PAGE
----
Song of the Day: Waiting on the World to Change by John Mayer
I think the invention of the e-reader is brilliant, not to mention convenient. Some authors really love it. But the rise of the e-book threatens the constancy of the bookstore. I can't fathom a world without bookstores. As a young girl I would spend entire Saturdays in Barnes and Noble reading and eating cupcakes from the cafe. Don't get me wrong, I've accepted the e-book, but I do hope that there will always be people like me. I hope that there will always be a choice. I'm still pulling info off the shelves from the 2010 Florida Writer's Conference. I attended a discussion on how e-books are changing the publishing industry and I thought I'd share.
The following are my notes from the 2010 Florida Writers Conference. Keynote speaker, T.J. Waters:
-Publishing is in a talespin (Bookstores are in trouble. Some stores are closing quietly. Even Walmart and Target will soon reduce their book inventory).
-At the moment Amazon is selling more e-books than hardcover copies of books.
-One benefit of the e-book is that authors are able to pinpoint what consumers are actually purchasing their books.
-Some authors such as Steven King, Stephanie Meyer, and Steve Berry have announced e-book only titles.
-Dorchester Publishing is going completely digital.
-The world at your fingertips- It takes less than 5 minutes to purchase an e-book.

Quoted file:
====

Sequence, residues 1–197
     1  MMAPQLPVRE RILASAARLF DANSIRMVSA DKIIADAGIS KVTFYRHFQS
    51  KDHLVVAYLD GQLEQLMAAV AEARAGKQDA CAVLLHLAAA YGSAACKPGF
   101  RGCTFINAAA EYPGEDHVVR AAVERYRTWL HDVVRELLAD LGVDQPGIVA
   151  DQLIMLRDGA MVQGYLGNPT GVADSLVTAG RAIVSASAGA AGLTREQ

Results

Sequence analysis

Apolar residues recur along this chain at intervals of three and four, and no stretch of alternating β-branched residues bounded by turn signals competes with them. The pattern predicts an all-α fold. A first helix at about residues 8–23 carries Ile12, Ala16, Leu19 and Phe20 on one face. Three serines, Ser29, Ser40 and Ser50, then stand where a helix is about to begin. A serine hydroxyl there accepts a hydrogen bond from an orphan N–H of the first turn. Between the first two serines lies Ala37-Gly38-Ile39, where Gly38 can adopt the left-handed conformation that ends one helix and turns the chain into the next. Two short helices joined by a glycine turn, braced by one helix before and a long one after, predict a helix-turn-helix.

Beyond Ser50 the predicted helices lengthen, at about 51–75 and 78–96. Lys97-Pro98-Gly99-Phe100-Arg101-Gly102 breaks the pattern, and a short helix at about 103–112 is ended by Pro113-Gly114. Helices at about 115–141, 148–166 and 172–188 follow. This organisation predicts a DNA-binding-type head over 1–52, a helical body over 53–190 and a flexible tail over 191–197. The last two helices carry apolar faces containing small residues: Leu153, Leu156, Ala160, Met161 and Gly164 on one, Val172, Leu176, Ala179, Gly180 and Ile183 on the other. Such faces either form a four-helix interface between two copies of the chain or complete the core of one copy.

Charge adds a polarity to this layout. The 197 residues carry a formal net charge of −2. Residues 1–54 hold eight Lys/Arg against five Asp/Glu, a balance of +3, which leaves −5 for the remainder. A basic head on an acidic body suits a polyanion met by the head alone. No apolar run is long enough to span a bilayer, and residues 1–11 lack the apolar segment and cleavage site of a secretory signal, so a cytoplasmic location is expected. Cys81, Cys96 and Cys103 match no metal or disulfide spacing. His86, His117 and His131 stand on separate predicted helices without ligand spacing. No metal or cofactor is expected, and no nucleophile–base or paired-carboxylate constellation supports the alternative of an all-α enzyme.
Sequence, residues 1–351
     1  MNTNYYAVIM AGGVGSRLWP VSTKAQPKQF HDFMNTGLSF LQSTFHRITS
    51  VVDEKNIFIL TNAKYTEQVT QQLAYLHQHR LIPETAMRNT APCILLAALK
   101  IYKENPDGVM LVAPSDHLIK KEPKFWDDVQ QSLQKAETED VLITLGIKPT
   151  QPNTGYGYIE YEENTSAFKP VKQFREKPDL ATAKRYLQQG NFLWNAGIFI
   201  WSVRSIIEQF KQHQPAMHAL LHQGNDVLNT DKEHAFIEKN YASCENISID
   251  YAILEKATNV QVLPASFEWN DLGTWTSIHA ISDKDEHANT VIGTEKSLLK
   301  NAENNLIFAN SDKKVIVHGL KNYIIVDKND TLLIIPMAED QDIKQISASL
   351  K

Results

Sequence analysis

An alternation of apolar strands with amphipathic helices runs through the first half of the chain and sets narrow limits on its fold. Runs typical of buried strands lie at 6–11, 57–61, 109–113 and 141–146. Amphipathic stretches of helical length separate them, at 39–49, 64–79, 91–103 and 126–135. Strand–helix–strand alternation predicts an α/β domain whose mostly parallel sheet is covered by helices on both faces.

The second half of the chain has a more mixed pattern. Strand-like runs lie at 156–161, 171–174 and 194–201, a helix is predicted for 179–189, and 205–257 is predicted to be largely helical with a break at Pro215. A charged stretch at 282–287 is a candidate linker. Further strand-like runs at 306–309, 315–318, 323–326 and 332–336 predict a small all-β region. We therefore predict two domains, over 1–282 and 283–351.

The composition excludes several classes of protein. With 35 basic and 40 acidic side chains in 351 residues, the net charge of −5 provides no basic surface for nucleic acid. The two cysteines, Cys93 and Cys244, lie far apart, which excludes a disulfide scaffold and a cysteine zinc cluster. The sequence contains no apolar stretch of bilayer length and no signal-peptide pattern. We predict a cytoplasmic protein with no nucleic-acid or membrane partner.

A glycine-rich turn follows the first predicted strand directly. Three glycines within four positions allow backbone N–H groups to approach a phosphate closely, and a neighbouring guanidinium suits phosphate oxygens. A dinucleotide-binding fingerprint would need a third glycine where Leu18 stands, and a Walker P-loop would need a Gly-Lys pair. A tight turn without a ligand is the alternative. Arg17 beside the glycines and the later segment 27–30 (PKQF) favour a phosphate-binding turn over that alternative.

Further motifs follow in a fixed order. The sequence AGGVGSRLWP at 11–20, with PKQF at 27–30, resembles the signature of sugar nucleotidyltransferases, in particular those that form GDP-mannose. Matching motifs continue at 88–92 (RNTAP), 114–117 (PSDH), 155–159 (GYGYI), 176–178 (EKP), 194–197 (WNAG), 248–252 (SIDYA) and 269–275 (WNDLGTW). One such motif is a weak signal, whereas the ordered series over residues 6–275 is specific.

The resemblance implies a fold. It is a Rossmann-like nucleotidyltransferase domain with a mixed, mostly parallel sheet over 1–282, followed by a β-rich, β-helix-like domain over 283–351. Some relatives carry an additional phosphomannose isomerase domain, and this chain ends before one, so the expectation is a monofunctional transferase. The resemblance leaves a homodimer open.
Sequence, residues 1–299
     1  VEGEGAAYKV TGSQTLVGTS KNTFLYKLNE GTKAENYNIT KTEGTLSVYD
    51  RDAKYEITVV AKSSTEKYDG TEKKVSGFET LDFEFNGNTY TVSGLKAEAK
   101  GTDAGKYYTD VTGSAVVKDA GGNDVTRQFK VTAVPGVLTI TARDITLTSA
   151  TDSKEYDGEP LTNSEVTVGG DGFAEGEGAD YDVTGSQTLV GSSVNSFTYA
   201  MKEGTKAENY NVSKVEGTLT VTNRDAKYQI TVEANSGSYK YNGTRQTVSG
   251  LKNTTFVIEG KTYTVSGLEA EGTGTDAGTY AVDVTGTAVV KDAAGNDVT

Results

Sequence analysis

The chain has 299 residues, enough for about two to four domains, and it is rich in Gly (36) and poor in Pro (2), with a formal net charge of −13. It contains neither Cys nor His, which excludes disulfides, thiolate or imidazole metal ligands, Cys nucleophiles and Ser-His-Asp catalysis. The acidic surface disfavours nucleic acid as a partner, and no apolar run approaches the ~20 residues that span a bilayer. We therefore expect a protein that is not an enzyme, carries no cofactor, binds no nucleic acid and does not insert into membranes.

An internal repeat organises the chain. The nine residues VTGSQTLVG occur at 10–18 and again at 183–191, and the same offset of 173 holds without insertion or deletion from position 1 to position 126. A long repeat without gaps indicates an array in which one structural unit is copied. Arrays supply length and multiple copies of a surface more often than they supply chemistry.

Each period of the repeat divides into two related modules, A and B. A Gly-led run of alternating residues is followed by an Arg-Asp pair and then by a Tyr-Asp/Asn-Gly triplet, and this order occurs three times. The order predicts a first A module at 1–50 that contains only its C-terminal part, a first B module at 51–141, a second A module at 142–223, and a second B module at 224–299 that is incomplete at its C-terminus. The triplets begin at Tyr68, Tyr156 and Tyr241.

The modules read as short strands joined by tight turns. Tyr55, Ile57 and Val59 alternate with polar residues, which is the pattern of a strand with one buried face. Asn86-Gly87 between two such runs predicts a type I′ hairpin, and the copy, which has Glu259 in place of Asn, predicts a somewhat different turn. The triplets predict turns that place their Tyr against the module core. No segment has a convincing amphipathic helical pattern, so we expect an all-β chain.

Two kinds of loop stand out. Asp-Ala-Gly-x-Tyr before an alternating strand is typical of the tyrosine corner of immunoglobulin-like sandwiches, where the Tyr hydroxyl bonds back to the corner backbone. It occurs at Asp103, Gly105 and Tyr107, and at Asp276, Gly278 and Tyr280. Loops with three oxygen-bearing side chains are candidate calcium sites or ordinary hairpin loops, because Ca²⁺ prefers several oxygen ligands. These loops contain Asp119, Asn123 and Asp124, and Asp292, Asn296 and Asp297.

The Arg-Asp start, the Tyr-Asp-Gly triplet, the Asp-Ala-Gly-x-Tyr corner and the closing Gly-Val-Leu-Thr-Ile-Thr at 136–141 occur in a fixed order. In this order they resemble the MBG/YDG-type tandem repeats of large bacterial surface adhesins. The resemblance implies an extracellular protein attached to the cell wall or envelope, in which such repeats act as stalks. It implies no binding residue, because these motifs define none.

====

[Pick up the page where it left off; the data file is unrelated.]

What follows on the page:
-The e-book is changing how we read. Carrying around your e-reader allows you to read anytime, anywhere at the exact place you left off. Kindle software can sync to other mediums such as your laptop, desktop, phone, etc. You can forget your book at home, but when you buy a digital copy, you almost always have access to it.
- Authors make less per book, but they're selling more copies.
-Retailers are able to contact consumers about upcoming releases from authors of books they've already purchased.
-E-books allow retailers to deliver the product to the consumer where and when they want it.
-With E-books, "All the world's a stage."
Cold. Hard. Facts. Who can argue with them? Not even I can. This discussion really brought me into reality. Does it make me want an e-reader? No way! Am I happy that it encourages people to read and may save literature? Totally! :)
What about you? Do you prefer an e-reader or physical books?